The first voyage, in 1594, entailed a convoy of three ships. It succeeded insofar as it reached the frozen island of Nova Zembla and no souls were lost. A tongue barren rock jutting due north from central Russia, Nova Zembla (now called Severny Island) separated what would come to be known as the Barents Sea from the Kara Sea. The party battled icebergs and faced a constant threat of becoming moored in the freezing ocean. They also recorded eerie signs of otherworldly civilizations in the gothic waste. On one coastline, they spotted “hundreds of wooden idols of all sizes on a stretch of beach choked with reindeer antlers. The idols were male and female, adult and child, and all had their carved faces turned to the east.”

Their appetites whetted, Dutch investors underwrote a second attempt the following year. This time seven ships loaded with goods for trade set sail. (66) Bad luck and harsh weather assailed the caravan from the beginning. Although the party departed in midsummer, it encountered ice earlier than the previous year, and a fatal polar bear attack claimed two members of the crew. They lost half a dozen men to drowning, abandonment, and the savage practice of keelhauling, whereby a sailor was dragged underneath the ship as punishment for theft. Mutiny ensued and was met with executions. Barents alone wanted to press on and winter on the ice. The admiral in charge of the fleet denied his request and returned home.

Surprisingly, despite this fiasco the city of Amsterdam sponsored a third voyage into the north, but this time of smaller scope. Two ships sailed in 1596. When their pilots disagreed over the route, they split up. Barents’s crew of seventeen men (97) once more made for Nova Zembla, but became hopelessly stuck in ice near the island’s northeastern tip. As the ship’s hull cracked and groaned against the frozen sea, the men began offloading their supplies onto land and building a shelter. Then their carpenter died. De Veer wrote that the crew prepared to winter on Nova Zembla “in great cold, poverty, misery, and griefe.”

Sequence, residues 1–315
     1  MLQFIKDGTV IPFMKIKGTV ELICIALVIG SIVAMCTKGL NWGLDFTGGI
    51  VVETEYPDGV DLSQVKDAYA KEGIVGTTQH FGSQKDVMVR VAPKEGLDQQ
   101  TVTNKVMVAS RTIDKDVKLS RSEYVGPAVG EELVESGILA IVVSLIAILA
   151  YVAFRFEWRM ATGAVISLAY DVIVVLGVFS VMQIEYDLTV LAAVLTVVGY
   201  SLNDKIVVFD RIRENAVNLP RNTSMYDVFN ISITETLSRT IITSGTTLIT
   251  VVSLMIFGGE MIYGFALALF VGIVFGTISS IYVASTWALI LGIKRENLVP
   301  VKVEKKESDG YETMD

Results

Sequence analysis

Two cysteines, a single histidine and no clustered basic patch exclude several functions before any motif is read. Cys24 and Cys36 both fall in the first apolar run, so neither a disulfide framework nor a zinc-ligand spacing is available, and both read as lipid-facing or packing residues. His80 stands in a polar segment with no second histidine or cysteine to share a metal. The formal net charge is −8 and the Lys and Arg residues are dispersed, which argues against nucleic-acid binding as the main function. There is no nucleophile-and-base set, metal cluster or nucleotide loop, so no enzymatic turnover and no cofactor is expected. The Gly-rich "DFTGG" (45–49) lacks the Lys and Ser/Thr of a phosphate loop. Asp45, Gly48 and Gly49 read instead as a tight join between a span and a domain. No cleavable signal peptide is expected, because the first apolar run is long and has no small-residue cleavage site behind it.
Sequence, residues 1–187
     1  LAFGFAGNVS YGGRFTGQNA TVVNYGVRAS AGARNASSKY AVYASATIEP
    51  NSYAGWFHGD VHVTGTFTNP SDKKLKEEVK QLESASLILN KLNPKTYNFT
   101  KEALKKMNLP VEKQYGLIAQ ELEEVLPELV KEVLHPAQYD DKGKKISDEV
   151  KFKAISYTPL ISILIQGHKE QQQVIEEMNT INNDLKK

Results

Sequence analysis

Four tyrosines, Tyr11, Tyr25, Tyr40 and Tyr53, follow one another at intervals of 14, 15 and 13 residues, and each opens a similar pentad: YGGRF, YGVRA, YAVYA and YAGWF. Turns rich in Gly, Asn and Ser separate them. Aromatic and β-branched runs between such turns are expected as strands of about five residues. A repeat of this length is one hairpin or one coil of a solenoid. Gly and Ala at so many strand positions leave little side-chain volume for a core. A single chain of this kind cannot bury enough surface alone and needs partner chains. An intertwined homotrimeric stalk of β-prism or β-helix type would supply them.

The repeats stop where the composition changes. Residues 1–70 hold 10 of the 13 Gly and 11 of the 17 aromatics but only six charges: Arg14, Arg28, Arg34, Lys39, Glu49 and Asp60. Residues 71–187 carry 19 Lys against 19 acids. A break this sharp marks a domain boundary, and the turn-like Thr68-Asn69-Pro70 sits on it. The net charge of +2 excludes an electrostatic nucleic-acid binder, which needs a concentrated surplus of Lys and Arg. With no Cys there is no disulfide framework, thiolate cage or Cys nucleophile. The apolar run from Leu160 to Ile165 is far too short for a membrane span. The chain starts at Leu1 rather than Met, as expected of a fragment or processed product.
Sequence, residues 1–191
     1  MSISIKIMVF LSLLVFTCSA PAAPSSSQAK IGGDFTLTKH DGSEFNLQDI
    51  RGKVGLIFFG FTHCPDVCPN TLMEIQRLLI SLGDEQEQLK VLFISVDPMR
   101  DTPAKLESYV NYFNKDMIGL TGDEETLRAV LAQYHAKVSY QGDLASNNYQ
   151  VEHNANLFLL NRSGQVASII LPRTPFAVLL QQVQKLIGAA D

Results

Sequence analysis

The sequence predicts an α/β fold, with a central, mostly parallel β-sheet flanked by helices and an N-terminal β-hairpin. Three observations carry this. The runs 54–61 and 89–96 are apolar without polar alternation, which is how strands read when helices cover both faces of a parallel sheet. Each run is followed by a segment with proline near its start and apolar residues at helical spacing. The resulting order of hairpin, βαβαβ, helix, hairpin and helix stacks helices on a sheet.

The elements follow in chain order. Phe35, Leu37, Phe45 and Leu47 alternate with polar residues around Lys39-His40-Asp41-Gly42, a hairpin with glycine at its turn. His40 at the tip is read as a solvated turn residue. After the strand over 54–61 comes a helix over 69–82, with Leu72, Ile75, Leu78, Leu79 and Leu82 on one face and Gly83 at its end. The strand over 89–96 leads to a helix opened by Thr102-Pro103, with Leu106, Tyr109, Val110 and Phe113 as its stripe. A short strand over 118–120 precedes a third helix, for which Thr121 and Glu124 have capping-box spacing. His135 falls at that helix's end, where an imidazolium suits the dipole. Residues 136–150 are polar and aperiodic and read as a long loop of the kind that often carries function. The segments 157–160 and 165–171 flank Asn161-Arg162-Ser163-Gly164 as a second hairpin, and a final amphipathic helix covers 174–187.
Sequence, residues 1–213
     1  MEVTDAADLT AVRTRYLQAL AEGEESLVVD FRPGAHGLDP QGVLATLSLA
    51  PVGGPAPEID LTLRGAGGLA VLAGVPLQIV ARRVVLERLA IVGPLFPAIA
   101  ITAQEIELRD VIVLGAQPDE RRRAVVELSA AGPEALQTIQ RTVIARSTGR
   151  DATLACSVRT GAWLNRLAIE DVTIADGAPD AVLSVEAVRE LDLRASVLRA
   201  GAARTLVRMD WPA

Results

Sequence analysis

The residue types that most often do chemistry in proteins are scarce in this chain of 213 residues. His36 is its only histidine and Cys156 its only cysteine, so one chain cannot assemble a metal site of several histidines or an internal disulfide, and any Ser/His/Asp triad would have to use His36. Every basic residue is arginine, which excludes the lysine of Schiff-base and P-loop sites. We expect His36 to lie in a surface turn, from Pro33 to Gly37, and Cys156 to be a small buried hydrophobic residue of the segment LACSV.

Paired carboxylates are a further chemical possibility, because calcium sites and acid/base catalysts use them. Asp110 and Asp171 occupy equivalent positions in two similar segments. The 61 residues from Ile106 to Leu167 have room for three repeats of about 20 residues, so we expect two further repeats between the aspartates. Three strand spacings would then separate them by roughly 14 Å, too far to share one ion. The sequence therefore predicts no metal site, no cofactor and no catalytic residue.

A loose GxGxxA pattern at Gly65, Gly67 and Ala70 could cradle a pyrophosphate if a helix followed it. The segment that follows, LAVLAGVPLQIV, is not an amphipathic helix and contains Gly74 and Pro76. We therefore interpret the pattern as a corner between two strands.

The story of their survival—most of them, for a dozen returned alive—involves resourcefulness, determination, and above all, pain. They had to disassemble parts of their ship for lumber to build a cabin, with hopes of repairing the vessel the following spring. Inside the shelter, it grew so cold that their shins scorched upon the fire while their backs frosted over. Sanitary conditions were beyond description. Snow overtook the small structure and threatened to bury the crew alive. They faced the ever-present menace of polar bears. Time lost all meaning in the dark of winter as starvation and scurvy ravaged the men’s bodies. Their only source of vitamin C came from the flesh of the Arctic fox.

Once the ice in the harbor began to break up in June 1597, the survivors put to sea in two skiffs, abandoning their ship and its crushed hull. Their return voyage is a story of near misses with icebergs and lucky-chance encounters with Russian vessels. Barents died before the boats could reach Amsterdam. Yet glory awaited, thanks to de Veer’s golden pen. Ms. Pitzker writes that Barents would help create the archetype of “the beleaguered polar hero,” whose appeal lay less in achievement than in “unfathomable suffering and endurance.” For centuries to come, other adventurers would join his ranks, journeying to the ends of the Earth to seek, to toil, and often, to perish. Barents did not reach China, but in this at least, he was first.